On March 7, 1965, a 25-year-old named John Lewis left the Brown Chapel A.M.E. Church in Selma, Alabama and led 600 people on a march intended to highlight the importance of voting rights. On his back, John carried a backpack that held an apple, an orange, a toothbrush, a book on politics and a book on faith.
He and his fellow marchers walked through downtown Selma and arrived at the Edmund Pettus Bridge. There, they were met by Alabama State Troopers who beat them with nightsticks, sprayed them with tear gas, and trampled them with horses. Lewis suffered a fractured skull and feared he would die.
That event — known as Bloody Sunday — opened the eyes of our nation and fostered a new determination to continue the struggle for civil rights and voting rights. Months later, in a rejection of this brutality and bigotry, Congress passed the Voting Rights Act.
Last weekend, I had the honor of representing our region in Alabama to mark this seminal moment in our nation’s history. I joined John Lewis — who has spent the last three decades serving in Congress — and thousands of others from around the country.
Premium content for only $0.99
For the most comprehensive local coverage, subscribe today.
I got chills as I watched the daughter of former Gov. George Wallace hug Lewis on the steps of the Alabama State Capitol. She apologized for the lack of humanity that her father had shown and said, “Stepping away from a painful past has not always been easy. But it’s always been right.”
It was powerful to sit in the church once pastored by Ralph Abernathy and watch the current chief of the Montgomery Police Department present John Lewis with a plaque featuring multiple law enforcement badges as a symbol of reconciliation.
And words cannot describe what it was like, 50 years after Bloody Sunday, to watch the motorcade of our nation’s first African American president cross the Edmund Pettus Bridge — and an hour later — to watch the president walk across it flanked by John Lewis and hundreds of people of all different ages and races.
But all of us will have failed if last weekend’s events are simply a commemoration. Rather, they must be a recommitment — a re-dedication to the cause of voting rights. As the president reminded us, “The march is not over yet.”
Specifically, Congress must pass a strong reauthorization of the Voting Rights Act. Between 1982 and 2006, the VRA successfully blocked more than 700 discriminatory voting changes throughout our nation.
Unfortunately, in 2013, the Supreme Court’s ruling in Shelby County v. Holder effectively gutted the VRA, striking down a section of the law specifically designed to ensure that when states and local governments with a history of discrimination are changing their voting laws, they aren’t disenfranchising voters.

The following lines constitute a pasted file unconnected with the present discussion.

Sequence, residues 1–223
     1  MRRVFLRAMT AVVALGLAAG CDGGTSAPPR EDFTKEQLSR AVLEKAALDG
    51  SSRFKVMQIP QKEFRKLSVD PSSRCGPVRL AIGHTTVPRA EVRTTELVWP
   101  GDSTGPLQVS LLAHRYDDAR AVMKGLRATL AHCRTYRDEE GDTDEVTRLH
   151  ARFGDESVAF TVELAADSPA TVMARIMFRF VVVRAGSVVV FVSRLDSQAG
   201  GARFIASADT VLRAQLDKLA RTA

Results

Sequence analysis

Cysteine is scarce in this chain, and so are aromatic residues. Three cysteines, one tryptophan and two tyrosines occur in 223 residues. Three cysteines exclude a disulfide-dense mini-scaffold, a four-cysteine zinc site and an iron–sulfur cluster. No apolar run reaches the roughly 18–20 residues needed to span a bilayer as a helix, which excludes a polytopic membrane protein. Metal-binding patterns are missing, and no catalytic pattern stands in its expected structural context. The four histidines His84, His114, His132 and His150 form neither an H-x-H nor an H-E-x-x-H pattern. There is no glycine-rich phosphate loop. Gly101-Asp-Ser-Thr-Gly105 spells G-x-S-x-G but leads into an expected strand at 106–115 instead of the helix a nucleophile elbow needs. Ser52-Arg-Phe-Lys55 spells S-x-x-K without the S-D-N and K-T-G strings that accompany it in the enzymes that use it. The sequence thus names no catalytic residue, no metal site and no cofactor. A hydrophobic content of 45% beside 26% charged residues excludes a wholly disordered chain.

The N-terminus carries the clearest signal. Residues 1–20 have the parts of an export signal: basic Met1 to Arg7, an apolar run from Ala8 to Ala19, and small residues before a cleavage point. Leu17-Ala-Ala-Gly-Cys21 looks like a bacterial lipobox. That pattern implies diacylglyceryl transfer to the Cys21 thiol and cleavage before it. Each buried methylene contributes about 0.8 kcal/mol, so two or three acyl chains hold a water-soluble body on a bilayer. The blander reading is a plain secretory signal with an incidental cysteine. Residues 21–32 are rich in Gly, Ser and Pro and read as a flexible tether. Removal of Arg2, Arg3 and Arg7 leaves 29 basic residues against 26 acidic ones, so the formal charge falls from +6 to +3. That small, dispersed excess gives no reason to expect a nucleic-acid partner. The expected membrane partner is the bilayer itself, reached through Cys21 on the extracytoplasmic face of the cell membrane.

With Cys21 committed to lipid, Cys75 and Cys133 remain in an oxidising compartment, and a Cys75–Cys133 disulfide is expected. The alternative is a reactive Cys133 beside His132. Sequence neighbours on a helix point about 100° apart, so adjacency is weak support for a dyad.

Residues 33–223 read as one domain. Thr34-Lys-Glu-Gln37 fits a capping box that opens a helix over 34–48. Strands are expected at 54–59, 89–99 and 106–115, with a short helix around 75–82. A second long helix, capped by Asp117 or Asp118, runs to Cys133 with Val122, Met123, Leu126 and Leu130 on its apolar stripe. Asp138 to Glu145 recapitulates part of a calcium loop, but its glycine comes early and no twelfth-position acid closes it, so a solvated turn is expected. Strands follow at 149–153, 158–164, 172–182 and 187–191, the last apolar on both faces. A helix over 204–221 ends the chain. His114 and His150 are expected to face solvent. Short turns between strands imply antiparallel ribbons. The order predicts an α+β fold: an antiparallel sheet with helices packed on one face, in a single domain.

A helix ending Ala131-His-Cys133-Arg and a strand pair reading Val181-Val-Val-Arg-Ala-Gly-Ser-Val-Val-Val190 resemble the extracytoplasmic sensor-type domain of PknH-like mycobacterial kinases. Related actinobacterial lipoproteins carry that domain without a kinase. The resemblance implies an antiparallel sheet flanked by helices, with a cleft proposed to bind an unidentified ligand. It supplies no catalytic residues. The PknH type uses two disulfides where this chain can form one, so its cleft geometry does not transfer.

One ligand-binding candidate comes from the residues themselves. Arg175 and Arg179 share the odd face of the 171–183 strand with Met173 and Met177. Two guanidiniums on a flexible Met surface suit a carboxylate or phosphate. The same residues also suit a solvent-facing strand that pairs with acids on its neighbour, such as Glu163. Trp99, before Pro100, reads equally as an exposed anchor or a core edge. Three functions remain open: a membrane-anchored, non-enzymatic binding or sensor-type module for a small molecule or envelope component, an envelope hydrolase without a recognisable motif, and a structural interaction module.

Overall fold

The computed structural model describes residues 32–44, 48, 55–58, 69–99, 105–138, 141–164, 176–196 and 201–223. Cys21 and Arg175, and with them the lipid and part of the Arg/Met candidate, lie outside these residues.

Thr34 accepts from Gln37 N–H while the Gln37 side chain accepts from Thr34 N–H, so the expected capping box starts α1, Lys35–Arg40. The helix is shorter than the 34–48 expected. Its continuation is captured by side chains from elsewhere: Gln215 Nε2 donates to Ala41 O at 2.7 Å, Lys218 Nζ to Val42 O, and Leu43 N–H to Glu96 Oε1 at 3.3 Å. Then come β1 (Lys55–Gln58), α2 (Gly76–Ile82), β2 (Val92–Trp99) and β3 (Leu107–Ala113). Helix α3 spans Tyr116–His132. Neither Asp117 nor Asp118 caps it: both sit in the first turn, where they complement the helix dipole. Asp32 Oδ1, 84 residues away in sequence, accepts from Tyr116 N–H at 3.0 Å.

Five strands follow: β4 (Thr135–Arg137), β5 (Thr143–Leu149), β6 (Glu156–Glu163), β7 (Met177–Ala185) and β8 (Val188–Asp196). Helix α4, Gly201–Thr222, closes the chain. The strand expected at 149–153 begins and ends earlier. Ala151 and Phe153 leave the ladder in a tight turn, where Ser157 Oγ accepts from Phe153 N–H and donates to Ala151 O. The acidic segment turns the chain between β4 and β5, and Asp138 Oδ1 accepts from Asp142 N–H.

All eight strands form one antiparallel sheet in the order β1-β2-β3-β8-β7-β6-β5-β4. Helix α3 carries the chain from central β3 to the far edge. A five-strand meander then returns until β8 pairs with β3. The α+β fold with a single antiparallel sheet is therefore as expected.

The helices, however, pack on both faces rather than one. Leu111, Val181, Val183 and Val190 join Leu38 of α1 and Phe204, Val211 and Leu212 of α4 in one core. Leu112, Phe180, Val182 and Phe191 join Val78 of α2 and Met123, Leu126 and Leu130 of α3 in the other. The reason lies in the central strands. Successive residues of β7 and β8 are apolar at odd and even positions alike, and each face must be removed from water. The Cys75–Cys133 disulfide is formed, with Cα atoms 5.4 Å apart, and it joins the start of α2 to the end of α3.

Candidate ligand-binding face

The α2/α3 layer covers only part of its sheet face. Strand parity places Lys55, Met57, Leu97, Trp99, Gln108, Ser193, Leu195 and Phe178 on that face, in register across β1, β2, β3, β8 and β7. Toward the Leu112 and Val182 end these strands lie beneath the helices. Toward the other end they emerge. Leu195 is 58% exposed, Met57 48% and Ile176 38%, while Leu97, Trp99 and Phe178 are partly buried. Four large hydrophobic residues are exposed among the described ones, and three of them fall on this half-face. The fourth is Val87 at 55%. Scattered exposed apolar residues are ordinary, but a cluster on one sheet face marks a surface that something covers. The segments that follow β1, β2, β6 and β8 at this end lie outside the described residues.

Why does this matter?
It matters when Galveston, Texas, brought forward a plan to change its voting districts that the Justice Department had previously rejected as discriminatory. Following the court decision, that plan will now move forward.
It matters when the state of Alabama has passed a law establishing a voucher test, requiring that voters be verified by two poll workers in order for them to vote without a government-issued ID. Under that law, a 92-year-old woman was turned away from the polls, told that her public housing ID did not satisfy the state’s requirement.
It matters when, just last decade, a town in Mississippi canceled a municipal election rather than allow an African American majority on the city council.
It matters because, despite the progress our nation has made, racism still exists.
That’s why I’m pushing for Congress to take up and pass a new Voting Rights Act, legislation that would put the teeth back into the VRA, address the issues raised by the court, and counter voter disenfranchisement.
On Saturday, President Obama reminded people: “We have to recognize that one day’s commemoration, no matter how special, is not enough. If Selma taught us anything, it’s that our work is never done — the American experiment in self-government gives work and purpose to each generation.”
It’s time for members of Congress — Democrats and Republicans — to join John Lewis and get their backpacks ready. Our nation’s march is not over.
Derek Kilmer, D-Gig Harbor, represents the 6th Congressional District in the U.S. House of Representatives.